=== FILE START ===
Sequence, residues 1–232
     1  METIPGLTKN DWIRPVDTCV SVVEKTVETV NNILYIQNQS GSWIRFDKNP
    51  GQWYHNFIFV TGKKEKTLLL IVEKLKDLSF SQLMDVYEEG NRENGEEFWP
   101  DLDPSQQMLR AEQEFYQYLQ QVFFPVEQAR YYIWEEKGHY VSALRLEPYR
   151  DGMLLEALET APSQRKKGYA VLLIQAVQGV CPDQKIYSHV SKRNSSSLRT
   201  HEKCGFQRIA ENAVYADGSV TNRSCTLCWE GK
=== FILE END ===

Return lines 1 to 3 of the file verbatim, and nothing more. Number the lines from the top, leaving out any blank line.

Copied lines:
Sequence, residues 1–232
     1  METIPGLTKN DWIRPVDTCV SVVEKTVETV NNILYIQNQS GSWIRFDKNP
    51  GQWYHNFIFV TGKKEKTLLL IVEKLKDLSF SQLMDVYEEG NRENGEEFWP